Ina studies how large enterprises transform for success in the digital economy. Her current research areas are digital partnering (including strategies to grow with digital partners and partnering strength), and value creation and value capture in digital models. In previous research projects at MIT CISR, Ina focused on ecosystem business models, digital strategies and organizational redesign, and digital workplace and talent. Prior to joining MIT CISR in 2014, Ina completed a Ph.D. with a focus on Information Systems Management at the Shidler College of Business (University of Hawaii). In her dissertation research, she studied how Electronic Health Record Systems enable and constrain relational coordination in multidisciplinary clinician teams. One of her ongoing research interests is the role of digital capabilities for relational and adaptive coordination in health care systems, within and across organizational boundaries.
Our MIT CISR research on digital partnering indicates that high-performing companies pursue digital partnering strategies and develop partnering capabilities for new opportunities to grow. In this session, Ina will give an overview of her ongoing research. She will discuss three digital partnering strategies and two important capabilities – digital readiness and curation – for growth in digital ecosystems.
Anne Quaadgras is the Director of the MIT Sloan Health Systems Initiative and a Senior Lecturer at MIT Sloan.
Her work focuses on health systems transformation, and the role of information technology in supporting that change.
Prior to her doctoral work, Anne was a management consultant for fifteen years, specializing in improving decision-making and investment processes in the chemical, pharmaceutical, and financial services industries.
She holds a Bachelor’s and Master’s degree in chemical engineering from MIT. Anne earned her doctorate in information systems at Boston University, where her dissertation research explored how globally distributed groups of experts recognize and respond to operational problems.
In healthcare, there is plenty of hype about the impact of digital transformation. But there is no clear definition digital transformation in healthcare delivery, and plenty of obstacles. Roadmaps and principles from other industries provide insight, but no straightforward recipe. What is needed is ‘both/and’: algorithms, technology, and automation, as well as integration, people and augmentation.
Endor: Predictive analytics on customer data without data scientists
Tomer is an experienced technology start-up builder, Angel Investor and business growth strategist with 20+ years of experience founding, managing and advising technology companies across fintech, insuretech, retail and public sectors.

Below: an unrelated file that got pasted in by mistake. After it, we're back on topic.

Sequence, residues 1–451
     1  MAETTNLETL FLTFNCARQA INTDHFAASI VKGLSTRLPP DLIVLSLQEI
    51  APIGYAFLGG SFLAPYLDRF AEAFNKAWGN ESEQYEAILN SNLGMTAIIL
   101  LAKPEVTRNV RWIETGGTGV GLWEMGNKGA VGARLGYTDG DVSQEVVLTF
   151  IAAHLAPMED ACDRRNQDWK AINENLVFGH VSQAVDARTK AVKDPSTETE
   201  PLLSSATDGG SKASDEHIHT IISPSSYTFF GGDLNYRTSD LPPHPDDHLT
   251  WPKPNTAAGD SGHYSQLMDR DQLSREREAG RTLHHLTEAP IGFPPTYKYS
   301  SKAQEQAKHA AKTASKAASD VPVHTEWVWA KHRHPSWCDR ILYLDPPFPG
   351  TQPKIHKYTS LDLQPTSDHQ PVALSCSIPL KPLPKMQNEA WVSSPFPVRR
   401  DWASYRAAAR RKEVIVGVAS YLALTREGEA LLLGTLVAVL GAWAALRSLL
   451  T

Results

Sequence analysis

He serves as the Chief Business Officer at Endor, MIT spinoff Artificial Intelligence software SaaS company that provides a predictive analytics platform using Social Physics science to automates the process of answering predictive business questions based on human behavior.
In addition, he serves as a council member at The Digital Economist to define ways to leverage disruptive technologies and investable opportunities for the new human-centered Digital Economy.
Prior to joining Endor, he was an Executive VP at Voyager Labs, an Artificial Intelligence software startup that raised +$100M to provide cognitive analytics based on unstructured human behavior data. Tomer joined Sapiens as Executive VP (NASDAQ: SPNS) and was the Co-Founder & Executive VP of Sapiens DECISION, a spinoff of a decision management business unit to serve global financial services markets.
Prior to this, Tomer managed product development teams and led complex project implementations globally working with global Fortune 500 firms.
Mr. Srulevich is an Alumnus of Harvard Business School and a Computer Science graduate from IDC.
Arundo: Software enabling advanced analytics, ML and IoT to transform industrial data into value
Ray has been with Arundo almost 3 years now, helping the company to promote and sell its advanced analytics software solutions to the process manufacturing industries. Over the last 20 years, Ray has worked in commercial leadership positions in software technology companies covering MES, process optimisation, supply chain and finance and commodities trading solutions delivering significant value to global companies, in oil, gas, petrochemical,chemical and manufacturing industries. Ray studied electrical and electronic engineering at The Bolton Institute of Technology and Computer Engineering at the Control Data Institute.
Profit Isle: Uncover hidden profits that are invisible to company
John Wass is CEO of Profit Isle. He is the former Senior Vice President of Staples and CEO of WaveMark, an RFID company recently acquired by Cardinal Health. Wass was also a key senior executive during Staples growth from three stores to over 1,000 nationwide. He is a graduate of Princeton and MIT.
BlockTEST: Optimizing blockchain solutions to enhance the flow of materials, data, and finance
Jennifer is an 18-year Wall Street veteran who has been active in blockchain since 2014 with passion to drive open banking. Before she co-founded BlockTEST with MIT research scientists in 2018, she’d led at global and regional leadership roles at JPMorgan and previously at Merrill Lynch and Citigroup, across investment banking and global capital markets. Currently Jennifer also serves as a senior advisor at Harvard CAM Lab and advisor committee of ID2020, a global alliance committed to digital identity. Jennifer holds an M. Sc in Management of Technology from MIT, an MBA from McGill University and a Bachelor in Statistics from Renmin University of China.